I like a look of Agony,

Because I know it’s true.

—Emily Dickinson

With these words Emily Dickinson, though she had other intentions, authored the motto of our age. We are a people besieged by a daily and weekly succession of crises, tripping from the brink of one disaster to another. From terrorism to lying in high places to AIDS, there is no end to causes for panic.

This spirit of crisis, as Dickinson’s poetry also implies, is not unfounded. Nuclear weaponry truly jeopardizes civilization as we know it. And Hannah Arendt argued that the crimes of Stalin and Hitler marked a decisive moral turning point in history, the “breaking down of all standards we know.” Such realities lead other thinkers, such as philosopher Alasdair MacIntyre, to believe we have entered the “new Dark Ages.”

It is foolish, then, to think that a Christian response to the spirit of crisis would be to dismiss it, to blithely remind our neighbors that “God’s in his heaven” and all must be right with the world. What might be the outlines of a truer, more Christian response?

We might first pledge ourselves to distinguishing between ersatz and actual crises. There are plenty of real, life-or-death crises, but the mood of embattlement has so pervaded our culture that people now make even the most routine difficulties into questions of sheer survival. Radical feminists have labeled housewives inhabitants of “domestic concentration camps.” Pop psychology has remade life itself into a series of crises, from birth through midlife to death. In such a climate, Christians can dedicate themselves to discernment. We should not proclaim peace when there is no peace, but neither should we confuse the momentary upsetting of our personal peace with the fate of the earth.

We might also resist and overcome the sheer survival mentality. Former ages admired heroes, women and men who went beyond ordinary human capacities. Ours is an age of constricted expectations: we admire those who simply manage to hang on. This mentality makes existence itself—however bleak, amoral, or godless—the end and goal of life. But as theologian Stanley Hauerwas has said, Christians care little for mere existence; their aim is to learn to live well.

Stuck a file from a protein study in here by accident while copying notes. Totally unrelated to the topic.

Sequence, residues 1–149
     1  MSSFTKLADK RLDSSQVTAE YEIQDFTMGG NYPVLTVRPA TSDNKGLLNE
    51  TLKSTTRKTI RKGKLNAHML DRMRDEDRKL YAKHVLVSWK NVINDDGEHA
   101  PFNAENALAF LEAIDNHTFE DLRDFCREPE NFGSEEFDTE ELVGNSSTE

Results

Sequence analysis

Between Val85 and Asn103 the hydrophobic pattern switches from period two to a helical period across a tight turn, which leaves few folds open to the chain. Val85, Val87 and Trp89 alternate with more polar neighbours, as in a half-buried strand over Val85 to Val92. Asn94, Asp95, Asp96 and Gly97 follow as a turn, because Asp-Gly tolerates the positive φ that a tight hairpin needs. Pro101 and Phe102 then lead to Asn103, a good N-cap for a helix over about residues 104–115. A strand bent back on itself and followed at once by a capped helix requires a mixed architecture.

To live well in an age of crisis is to learn to see God through—and sometimes because of—the crisis. Biblically, a crisis is a matter of theological judgment, a call for a personal and societal turning to the one true God: “Repent, for the kingdom of God is at hand.”

Surely our paramount, uniquely Christian response to the spirit of crisis will be living so that the world will take seriously the ultimate crisis: the judgment of God. That does not mean, initially, that we announce judgment on the sins of others, but that we accept God’s judgment on our own. Are we—can we be—that kind of people? Anything less belies our confession that God, and God alone, is finally to be feared.

By Rodney Clapp.

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